The diocese and the Episcopal Church are challenging the division statute. They say there shouldn't be a property trial this fall because the statute is unconstitutional, Lunceford said. the rest

Church of England told to stop watering down faith

by Ethan Cole, Christian Post
Monday, May 26, 2008

The Church of England is divided over a proposed motion urging it to proclaim Christianity as the only way to salvation and offer strategies on how to evangelise Muslims.

Senior church leaders as well as some Muslim figures have voiced anger at the motion proposed by Paul Eddy – a lay member of the church’s General Synod, according to the BBC. Eddy, along with traditionalist Anglicans, argues that the Church should stop avoiding hard questions about its beliefs.

The Church of England must make it clear that it believes in what the Bible says about Jesus being the only way to salvation, he said. Currently training to become a priest, Eddy believes that being upfront about the Church’s beliefs will be helpful to Muslim-Christian relations. the rest

Woman Wakes Up After Family Says Goodbye, Tubes Pulled

Patient Brought To Cleveland Clinic
May 25, 2008

CLEVELAND, Ohio -- A West Virginia woman is at the Cleveland Clinic after walking the line between life and death.

Doctors are calling Val Thomas a medical miracle. They said they can't explain how she is alive.
They said Thomas suffered two heart attacks and had no brain waves for more than 17 hours. At about 1:30 a.m. Saturday, her heart stopped and she had no pulse. A respiratory machine kept her breathing and rigor mortis had set in, doctors said.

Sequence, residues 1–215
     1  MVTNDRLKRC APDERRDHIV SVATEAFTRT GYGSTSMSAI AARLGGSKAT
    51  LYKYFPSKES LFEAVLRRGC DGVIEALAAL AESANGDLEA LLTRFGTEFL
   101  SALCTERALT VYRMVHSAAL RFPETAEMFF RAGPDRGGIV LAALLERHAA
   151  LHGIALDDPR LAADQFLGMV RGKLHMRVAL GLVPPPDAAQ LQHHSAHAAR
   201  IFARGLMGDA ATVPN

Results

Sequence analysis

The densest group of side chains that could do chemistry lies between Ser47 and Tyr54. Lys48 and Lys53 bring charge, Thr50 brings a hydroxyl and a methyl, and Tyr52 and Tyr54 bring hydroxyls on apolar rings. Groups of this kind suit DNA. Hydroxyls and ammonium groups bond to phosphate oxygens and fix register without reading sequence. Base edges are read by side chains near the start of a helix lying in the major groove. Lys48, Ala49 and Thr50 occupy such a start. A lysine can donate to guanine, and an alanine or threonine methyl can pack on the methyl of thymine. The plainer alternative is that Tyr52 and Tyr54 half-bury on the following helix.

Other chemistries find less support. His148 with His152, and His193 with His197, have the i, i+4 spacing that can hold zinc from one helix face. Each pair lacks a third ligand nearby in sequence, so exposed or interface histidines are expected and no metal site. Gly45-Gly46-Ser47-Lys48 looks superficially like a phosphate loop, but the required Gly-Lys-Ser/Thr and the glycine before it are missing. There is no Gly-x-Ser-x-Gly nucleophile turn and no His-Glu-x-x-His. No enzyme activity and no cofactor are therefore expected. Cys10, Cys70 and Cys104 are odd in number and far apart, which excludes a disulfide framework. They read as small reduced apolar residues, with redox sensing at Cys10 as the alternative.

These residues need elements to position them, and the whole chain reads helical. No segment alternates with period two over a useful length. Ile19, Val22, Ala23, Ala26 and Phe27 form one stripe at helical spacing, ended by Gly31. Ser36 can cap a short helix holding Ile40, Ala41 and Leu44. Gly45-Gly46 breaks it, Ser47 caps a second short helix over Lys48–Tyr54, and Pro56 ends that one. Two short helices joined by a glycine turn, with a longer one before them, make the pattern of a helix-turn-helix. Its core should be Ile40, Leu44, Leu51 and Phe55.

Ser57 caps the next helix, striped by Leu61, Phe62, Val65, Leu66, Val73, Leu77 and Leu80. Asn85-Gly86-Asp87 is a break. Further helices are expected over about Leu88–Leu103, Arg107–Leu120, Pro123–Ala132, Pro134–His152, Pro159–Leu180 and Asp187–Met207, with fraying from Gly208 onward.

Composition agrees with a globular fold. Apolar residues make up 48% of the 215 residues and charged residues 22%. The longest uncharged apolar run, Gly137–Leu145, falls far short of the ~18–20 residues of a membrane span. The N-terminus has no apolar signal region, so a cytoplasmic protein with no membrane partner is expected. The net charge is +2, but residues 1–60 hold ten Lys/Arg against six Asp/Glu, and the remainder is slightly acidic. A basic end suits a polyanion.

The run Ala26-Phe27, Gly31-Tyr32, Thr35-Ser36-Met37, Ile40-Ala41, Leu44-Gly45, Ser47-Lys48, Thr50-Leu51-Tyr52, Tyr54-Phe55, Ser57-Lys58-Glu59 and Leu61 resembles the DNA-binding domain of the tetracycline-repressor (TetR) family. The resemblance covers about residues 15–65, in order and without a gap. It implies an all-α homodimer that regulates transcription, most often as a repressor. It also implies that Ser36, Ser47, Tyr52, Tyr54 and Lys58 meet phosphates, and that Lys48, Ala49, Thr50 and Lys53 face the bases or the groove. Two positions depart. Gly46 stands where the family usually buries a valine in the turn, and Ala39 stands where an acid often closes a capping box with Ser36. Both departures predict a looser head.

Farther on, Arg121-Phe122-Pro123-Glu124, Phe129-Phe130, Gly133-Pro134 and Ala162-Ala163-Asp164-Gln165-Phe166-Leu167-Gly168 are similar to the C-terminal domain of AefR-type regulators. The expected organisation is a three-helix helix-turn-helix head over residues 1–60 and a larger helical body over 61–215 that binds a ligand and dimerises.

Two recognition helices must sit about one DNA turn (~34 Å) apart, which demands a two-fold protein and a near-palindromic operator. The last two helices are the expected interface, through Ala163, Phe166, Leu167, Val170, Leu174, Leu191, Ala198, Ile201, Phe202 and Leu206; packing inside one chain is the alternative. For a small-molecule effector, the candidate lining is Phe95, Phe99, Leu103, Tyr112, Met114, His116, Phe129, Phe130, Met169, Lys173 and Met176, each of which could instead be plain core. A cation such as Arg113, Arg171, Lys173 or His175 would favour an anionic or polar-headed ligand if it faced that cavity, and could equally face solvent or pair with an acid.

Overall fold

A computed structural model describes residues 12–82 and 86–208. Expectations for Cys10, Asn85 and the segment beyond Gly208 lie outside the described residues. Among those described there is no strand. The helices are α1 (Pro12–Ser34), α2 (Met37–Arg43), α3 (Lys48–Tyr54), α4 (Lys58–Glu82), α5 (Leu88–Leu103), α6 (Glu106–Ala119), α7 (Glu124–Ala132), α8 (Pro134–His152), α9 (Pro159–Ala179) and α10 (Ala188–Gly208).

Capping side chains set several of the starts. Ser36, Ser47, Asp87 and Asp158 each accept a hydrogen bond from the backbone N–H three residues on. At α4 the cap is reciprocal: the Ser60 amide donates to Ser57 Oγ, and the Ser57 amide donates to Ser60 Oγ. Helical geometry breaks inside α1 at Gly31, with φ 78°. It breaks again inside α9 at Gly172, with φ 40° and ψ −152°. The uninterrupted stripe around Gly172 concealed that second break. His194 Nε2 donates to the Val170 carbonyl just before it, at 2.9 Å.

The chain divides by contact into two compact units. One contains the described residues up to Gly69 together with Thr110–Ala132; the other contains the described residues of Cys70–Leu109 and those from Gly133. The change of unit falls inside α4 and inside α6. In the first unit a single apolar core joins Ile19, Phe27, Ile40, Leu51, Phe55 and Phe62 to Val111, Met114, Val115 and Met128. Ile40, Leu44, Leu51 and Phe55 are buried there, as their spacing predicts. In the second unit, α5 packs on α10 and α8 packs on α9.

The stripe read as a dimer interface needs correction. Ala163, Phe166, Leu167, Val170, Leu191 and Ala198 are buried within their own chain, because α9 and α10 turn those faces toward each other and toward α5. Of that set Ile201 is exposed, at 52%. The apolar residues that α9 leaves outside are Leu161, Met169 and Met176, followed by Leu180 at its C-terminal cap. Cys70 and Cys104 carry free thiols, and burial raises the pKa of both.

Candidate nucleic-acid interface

"Her skin had already started to harden and her fingers curled. Death had set in," said son Jim Thomas.

They rushed her to a West Virginia hospital. Doctors put Thomas on a special machine which induces hypothermia. The treatment involves lowering the body temperature for up to 24 hours before warming a patient up. the rest image

Rescue of Christian Girls from Muslim Kidnappers Triggers Destructive Tempest in Nigeria

Joseph Grieboski
May 26th 2008
Cutting Edge Foreign Editor

Police in Nigeria on May 12 rescued two kidnapped Christian teenage girls – Mary Chikwodi Okoye, 15, and Uche Edward, 14. They girls were kidnapped in the Islamic enclave of Ningi three weeks ago in an attempt to force them to marry Muslim men. Police transported the two rescued girls to safety in southeastern Nigeria where their biological parents live.

Kidnapping of teenage Christian girls by Muslims has become a regular practice in Ningi. Muslims have kidnapped at least 13 Christian girls in the town, Christian sources said.

But after the two most recent girls were rescued, the Hisbah Command, a paramilitary arm of Kano state’s Sharia Commission, went on a rampage, attacking Christians and setting fire to churches. Damaged churches include the Deeper Life Bible Church, St Mary's Catholic Church, All Souls Anglican Church, Church of Christ in Nigeria, Redeemed Christian Church of God, and the Redeemed Peoples Mission. the rest